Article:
It seems that early 19th Century mash bills were more a function of the harvest that year. As these operations became more commercial towards the end of the 1800s it seems that the distillers would focus in on specific mash bills. Many of the distilleries operating in PA just before Prohibition and just after were all rye grain (80-85%) and 15-20% malt (mostly barley but some were using rye malt, too). I think the Old Overholt recipe would have been the same. The common reference at the time was PA Pure Rye and these guys were doing rye grain and malt, no corn.

I have included an interesting link to a database of drawings done by an 19th century insurance company. If you search the database for all the distillery drawings there is a lot ov cool stuff to see. Sometimes the drawing lists the raw materials used at the site and the Pure Rye companies are using rye and malt, only. Some places are making bourbon, too - so they would have corn. Digital copies of these drawings are available for purchase from the Philadelphia Free Library for a modest price. We have the one for the Philadelphia Pure Rye company hanging at the distillery (this distillery was located 5 miles down the road from where we are today)

http://www.philageohistory.org/rdic-images/HGS/search.cfm

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Harry in WashDC

Fascinating. Thank you for the information and for the link.

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squire

That's my take on it, the early farm distillers were essentially using surplus grains locally sourced. Malt production however was done on a large scale for brewing well before column stills made industrial whisky distilling viable.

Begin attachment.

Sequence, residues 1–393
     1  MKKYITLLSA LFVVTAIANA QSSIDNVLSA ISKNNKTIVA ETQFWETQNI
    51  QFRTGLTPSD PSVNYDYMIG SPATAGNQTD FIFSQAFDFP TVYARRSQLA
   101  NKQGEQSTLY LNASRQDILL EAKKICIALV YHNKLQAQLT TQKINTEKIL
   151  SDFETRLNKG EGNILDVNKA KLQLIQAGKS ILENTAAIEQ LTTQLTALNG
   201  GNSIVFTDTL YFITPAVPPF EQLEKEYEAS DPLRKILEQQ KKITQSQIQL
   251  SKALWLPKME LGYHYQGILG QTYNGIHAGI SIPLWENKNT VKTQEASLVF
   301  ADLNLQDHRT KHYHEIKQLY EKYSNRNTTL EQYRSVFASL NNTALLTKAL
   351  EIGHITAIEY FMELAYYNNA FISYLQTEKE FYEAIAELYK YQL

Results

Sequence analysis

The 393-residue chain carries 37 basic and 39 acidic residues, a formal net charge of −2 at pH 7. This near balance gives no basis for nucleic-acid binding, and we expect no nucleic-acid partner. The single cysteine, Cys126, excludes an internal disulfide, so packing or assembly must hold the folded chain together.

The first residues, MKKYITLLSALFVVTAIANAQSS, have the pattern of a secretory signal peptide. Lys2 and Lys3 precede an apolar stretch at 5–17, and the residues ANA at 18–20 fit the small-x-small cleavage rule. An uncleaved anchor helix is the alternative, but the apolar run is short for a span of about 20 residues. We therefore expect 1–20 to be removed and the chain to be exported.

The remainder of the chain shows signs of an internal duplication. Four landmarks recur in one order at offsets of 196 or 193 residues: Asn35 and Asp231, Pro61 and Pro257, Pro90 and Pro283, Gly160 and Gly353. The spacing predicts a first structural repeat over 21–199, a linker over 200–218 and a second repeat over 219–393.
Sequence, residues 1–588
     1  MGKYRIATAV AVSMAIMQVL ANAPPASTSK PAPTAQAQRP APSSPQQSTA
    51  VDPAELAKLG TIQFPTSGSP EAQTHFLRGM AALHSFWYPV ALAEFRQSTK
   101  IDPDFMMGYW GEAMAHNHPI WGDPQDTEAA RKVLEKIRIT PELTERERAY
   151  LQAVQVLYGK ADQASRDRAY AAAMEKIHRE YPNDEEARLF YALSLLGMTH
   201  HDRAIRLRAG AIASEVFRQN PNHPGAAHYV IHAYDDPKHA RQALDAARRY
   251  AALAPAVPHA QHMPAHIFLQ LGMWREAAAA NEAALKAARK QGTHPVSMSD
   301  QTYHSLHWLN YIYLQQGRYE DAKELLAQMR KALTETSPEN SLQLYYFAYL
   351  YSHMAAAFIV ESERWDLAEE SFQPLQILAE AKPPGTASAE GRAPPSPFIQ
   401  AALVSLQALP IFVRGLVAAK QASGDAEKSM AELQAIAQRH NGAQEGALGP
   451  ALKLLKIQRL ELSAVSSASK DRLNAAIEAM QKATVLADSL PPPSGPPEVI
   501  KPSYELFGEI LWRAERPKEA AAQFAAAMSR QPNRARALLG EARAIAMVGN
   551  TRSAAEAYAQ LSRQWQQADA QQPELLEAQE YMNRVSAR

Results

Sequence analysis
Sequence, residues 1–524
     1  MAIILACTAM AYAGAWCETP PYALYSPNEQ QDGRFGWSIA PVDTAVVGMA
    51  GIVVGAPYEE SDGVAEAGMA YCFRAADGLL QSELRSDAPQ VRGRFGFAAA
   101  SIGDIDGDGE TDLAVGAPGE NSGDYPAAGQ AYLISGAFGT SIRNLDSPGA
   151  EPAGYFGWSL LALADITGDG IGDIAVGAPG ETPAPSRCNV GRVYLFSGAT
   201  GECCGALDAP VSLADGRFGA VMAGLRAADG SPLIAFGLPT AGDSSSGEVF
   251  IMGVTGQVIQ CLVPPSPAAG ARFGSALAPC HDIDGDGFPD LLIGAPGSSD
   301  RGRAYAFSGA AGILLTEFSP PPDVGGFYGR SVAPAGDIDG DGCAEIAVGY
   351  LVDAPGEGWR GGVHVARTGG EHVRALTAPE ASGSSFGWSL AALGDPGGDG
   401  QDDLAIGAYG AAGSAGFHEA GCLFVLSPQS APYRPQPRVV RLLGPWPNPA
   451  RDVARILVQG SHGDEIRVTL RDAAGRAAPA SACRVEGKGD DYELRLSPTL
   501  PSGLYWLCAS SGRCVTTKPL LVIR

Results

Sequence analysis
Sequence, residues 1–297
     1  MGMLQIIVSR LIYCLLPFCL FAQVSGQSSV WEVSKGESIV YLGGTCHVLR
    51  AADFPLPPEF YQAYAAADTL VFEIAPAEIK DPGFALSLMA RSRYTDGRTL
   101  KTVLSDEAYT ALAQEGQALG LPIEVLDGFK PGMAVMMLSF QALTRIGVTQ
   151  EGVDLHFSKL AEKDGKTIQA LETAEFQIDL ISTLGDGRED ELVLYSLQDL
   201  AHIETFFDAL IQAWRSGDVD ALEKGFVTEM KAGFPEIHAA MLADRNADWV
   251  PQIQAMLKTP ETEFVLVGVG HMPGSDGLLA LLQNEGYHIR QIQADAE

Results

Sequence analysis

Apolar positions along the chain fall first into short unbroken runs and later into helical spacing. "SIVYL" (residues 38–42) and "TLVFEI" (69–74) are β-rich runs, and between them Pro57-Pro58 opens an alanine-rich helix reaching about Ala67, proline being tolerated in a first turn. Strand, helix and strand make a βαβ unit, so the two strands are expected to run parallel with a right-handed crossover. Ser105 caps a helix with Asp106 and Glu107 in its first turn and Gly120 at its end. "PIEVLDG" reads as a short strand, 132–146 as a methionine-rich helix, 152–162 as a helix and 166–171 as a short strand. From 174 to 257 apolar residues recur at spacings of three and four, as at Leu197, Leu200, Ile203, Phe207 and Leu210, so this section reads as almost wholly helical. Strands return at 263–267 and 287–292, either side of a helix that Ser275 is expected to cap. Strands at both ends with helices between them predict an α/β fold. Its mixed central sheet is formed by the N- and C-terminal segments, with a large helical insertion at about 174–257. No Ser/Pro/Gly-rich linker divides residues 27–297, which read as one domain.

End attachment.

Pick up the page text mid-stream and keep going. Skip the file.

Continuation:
I thought the term 'Pure Rye' referred to a blend of straight rye whiskies as opposed to a blend of rye whisky and neutral grain spirits. The term was also used for Maryland style Rye the mash bill of which contained corn as well. A friend of mine who is now in his 90s is descended from a family who once owned the largest Rye whisky distillery in Baltimore. His grandfather took him on tours of the place when he was a child and Bill remembers the bins of corn along with rye and malt. Doesn't recall much more than that though except that the product was labeled "Pure Rye". That would've been right after Prohibition but the place is long gone now along with all its records.

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squire

Yes, very interesting link.

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shoshani